“After hitting .301/.338/.466 during a cup of coffee stint at age 20 in 2008, 2009 was supposed to be Snider’s big breakout,” Szymborski writes. “Then 2010. Then 2011. The calendar’s turned yet again, and the Jays are still waiting for Snider to force his way into the heart of a solid Jays lineup. While there’s a natural inclination to give up on Snider, he just turned 24. ZiPS, for one, has soured considerably on Snider, but on the upside, still thinks he can develop into a Kevin Mitchell-type hitter in the best-case scenario. Mitchell had a better first experience in the majors, but had setbacks of his own, such as repeating Triple-A after a rough season with the Tidewater Tides in 1984. And remember, Mitchell was National League MVP in 1989.”
OK, so maybe it’s not quite the Mickey Mantle comparison some Globe and Mail commenter wants to put on Brett Lawrie’s head, but Mitchell was no slouch, putting up 31.1 wins in a career that spanned parts of 13 seasons. He was worth four wins four times, including a 4.2 fWAR in the strike-shortened 1994 season, and 7.1 fWAR in his ’89 MVP campaign. He also was in the three win neighbourhood an additional three times.
So… not a career to be scoffed at by a long stretch.
For Snider? Fuckin’ eh, I’ll take it. Since, y’know, right now we’re staring down the barrel of pretty much shit all.
After yesterday’s heavy dose of realism, Jays fans demanded that Keith Law, the obliterator of all their little hopes and dreams, come forth and defend his absurd views on Dustin McGowan!
Or… probably it was just his contract with TSN Radio. Or maybe they just asked.
Either way, KLaw hit the airwaves– the free, public airwaves that I can quote anything from with a clear conscience, I should add– this afternoon and elaborated on what he saw yesterday when he took in the epic Grapefruit League tilt between the Jays and the Astros in Kissimmee.
And, actually, he skipped a lot of the stuff about McGowan. Or… probably I just tuned in a little too late to catch it.
What I did hear was pretty seriously awesome, especially where two the players I’d like to see the Jays not dick around are concerned: Kyle Drabek and Travis Snider.
He also talked Anthony Gose, Travis d’Arnaud, about the back of the rotation in general, and followed up his piece from yesterday with some activity in the comments.
Here’s something that I may just do the once, or I may keep going to occasionally as the tedious days of the Grapefruit League continue on toward Opening Day: a completely unscientific chart showing the progress of the battle for the Jays left field spot!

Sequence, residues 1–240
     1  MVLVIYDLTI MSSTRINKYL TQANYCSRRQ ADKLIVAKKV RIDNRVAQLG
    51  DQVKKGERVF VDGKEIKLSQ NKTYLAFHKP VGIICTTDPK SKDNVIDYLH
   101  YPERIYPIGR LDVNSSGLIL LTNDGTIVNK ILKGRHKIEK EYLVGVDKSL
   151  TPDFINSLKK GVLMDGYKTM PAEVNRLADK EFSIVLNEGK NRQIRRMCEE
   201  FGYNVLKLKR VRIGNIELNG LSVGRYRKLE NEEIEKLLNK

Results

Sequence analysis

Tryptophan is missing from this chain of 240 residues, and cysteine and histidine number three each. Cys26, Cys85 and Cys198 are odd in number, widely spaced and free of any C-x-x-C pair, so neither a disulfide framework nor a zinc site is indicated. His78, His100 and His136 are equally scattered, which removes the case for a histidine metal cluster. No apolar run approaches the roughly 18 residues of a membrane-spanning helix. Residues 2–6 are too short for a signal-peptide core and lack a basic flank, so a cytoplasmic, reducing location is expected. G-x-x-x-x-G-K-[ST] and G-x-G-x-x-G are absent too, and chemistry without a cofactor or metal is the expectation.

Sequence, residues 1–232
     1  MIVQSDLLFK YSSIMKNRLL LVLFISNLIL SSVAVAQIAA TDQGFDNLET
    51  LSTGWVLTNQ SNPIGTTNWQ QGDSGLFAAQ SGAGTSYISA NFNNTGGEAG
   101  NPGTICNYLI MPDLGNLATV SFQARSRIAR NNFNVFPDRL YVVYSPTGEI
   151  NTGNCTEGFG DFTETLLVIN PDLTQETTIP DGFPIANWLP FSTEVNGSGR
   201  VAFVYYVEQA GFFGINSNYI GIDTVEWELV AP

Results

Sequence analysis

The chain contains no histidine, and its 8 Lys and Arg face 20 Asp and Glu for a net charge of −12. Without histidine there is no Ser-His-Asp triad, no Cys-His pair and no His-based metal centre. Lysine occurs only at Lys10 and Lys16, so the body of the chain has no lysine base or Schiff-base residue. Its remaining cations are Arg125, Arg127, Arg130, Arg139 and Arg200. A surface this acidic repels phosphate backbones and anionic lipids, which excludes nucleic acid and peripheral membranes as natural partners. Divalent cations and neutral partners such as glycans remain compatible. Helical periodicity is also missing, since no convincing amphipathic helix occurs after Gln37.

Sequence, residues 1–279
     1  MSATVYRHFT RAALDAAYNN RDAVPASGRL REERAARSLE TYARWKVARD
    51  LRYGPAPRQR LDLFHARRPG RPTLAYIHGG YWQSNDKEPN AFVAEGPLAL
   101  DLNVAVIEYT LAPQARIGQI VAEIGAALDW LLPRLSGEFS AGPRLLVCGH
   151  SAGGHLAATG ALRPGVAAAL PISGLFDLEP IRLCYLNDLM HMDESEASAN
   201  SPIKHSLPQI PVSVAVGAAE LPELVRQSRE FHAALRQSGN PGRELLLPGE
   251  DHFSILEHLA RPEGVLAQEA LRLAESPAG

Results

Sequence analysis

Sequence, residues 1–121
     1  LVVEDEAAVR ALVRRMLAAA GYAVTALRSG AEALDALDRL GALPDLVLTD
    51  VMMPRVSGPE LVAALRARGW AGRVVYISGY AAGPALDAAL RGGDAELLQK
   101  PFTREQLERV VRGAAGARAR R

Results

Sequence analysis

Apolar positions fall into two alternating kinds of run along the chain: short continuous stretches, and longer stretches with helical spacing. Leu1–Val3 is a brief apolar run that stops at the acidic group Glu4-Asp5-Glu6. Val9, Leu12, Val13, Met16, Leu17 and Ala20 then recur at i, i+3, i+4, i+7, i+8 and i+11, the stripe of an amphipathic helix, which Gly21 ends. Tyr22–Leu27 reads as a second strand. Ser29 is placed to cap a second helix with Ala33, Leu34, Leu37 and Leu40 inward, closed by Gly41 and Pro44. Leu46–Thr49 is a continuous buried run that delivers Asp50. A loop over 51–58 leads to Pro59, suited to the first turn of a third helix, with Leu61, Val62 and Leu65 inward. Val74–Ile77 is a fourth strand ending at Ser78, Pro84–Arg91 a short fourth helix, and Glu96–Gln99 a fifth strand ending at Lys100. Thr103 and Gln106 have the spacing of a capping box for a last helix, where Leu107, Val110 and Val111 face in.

I, of course, have no fucking clue where the Jays heads are at on this, with the exception of Alex Anthopoulos and John Farrell having said over the off-season that Thames must have an edge, because it’s his job to lose, that defense is going to be a factor, and that spring stats are going to count for less than the quality of at bats, and presumably the opposing pitcher– hence the unscientific, completely perception-based nature of this exercise.
Thing is, as the club’s lone non-rotation position battle, I figure that for the next month we’ll be paying undue attention to how Travis Snider and Eric Thames fare against the league’s cannon fodder and developing prospects, with a small mixture of actual MLB-calibre pitchers thrown in for good measure. So, why not shoehorn myself it into treating it entirely like a horse race, y’know, like the way they’ve unbelievably somehow managed to even further dumb down American election year political discourse!
The Jays lost their first game of the spring today, 4-2 to the Detroit Tigers, and while Snider didn’t play, following his 2-for-4, 3 RBI performance on Sunday, Thames did, going 0-for-3 with a pair of strikeouts.
Should that alone have dropped him as much as we see on the graph, considering his two-hit performance on Saturday, which included a home run? Probably not. But Snider gets extra points thanks to Larry Millson of the Globe and Mail, who wrote over the weekend that Snider “took up reading about Zen” following his difficult 2011 season– a process which started with The Way of Baseball: Finding Stillness at 95 MPH by none other than ex-Jay Shawn Green.
Hmmmm. I can’t image why a book by a former hotshot Jays prospect who got jerked around by Cito Gaston but then went on to have an extremely productive MLB career might speak to the 24-year-old.